Of course, these values are just guides — if you find other values that work better for you, go with those instead. Don’t be afraid to leave these at their default values, either; Linux has a multitude of tunable paramaters, and just because you can tune something doesn’t mean you should, especially if you’re unsure what effect different values might have.
A note on drive life estimates
It’s worth mentioning, too, that this 72TB estimate of the M4’s lifetime seems to be somewhat conservative. Its flash cells can handle about 3000 erase cycles before failing, so if you overwrote all 256GB of flash 3000 times, you’d get not 72TB of writes, but 750TB. The factor-of-ten disparity between these two figures is due to a phenomenon called write amplification, where the shuffling of data performed by wear leveling and garbage collection causes some data to be written to the underlying flash more than once.
The controllers inside SSDs strive to keep write amplification as close to 1 as possible (that is, no amplification), and some even use compression to push it below 1 in some cases. How successful they are depends on the several factors: the nature of the workload, how much spare flash the controller has to work with (this is where TRIM really helps), and just how good the controller’s algorithms are. A write amplification factor of 10 is really quite extreme, so I’d expect my M4 to last far beyond 72TB of writes (assuming the controller doesn’t fail first).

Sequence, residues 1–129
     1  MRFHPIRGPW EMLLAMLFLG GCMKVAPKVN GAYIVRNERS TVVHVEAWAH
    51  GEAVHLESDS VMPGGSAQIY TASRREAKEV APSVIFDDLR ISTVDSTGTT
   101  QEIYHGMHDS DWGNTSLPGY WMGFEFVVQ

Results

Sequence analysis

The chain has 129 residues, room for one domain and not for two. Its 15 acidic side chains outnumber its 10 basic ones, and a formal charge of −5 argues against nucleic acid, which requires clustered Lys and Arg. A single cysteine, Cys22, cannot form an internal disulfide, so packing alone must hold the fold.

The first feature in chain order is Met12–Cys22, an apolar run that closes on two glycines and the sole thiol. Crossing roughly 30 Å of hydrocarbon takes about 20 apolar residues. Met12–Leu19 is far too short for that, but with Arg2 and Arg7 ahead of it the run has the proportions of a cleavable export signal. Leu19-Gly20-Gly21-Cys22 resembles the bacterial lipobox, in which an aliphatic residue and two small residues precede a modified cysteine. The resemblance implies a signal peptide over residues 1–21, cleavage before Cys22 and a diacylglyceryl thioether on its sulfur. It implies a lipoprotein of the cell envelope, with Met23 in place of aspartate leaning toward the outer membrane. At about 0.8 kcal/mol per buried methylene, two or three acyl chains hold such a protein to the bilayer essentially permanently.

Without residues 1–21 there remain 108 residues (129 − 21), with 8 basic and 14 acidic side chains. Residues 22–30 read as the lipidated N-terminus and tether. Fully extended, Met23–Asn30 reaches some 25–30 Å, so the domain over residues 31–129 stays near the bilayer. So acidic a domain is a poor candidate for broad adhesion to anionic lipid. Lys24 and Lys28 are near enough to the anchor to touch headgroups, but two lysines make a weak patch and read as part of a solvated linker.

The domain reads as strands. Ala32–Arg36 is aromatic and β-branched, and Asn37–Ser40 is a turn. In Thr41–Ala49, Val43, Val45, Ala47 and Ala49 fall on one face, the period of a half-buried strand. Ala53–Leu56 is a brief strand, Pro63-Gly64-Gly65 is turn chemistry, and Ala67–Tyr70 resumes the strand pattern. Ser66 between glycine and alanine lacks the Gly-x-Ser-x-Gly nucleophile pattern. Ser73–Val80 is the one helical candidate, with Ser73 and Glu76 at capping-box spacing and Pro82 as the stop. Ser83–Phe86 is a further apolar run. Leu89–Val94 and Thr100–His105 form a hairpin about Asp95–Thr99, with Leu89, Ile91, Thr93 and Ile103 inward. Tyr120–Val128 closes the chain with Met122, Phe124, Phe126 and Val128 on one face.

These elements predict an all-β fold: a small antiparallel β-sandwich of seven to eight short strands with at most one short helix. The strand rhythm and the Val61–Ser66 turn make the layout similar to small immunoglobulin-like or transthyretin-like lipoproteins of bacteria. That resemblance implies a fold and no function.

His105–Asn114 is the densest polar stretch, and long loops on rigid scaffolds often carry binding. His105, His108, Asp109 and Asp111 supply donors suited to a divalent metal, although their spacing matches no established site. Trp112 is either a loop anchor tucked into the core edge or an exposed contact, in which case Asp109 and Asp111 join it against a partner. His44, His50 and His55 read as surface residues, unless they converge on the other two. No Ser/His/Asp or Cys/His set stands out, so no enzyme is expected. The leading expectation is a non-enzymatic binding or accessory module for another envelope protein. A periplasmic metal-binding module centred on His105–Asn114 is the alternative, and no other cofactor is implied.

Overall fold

The 3000 erase cycles is just a conservative estimate, too — that’s when flash cells are likely to start dying, but they won’t all die at once, and most SSDs include some amount of spare flash that they can substitute for failed cells. In one endurance test, a user managed 768TB of writes to a 64GB Crucial M4; at that smaller size, that works out to more than 12000 erase cycles.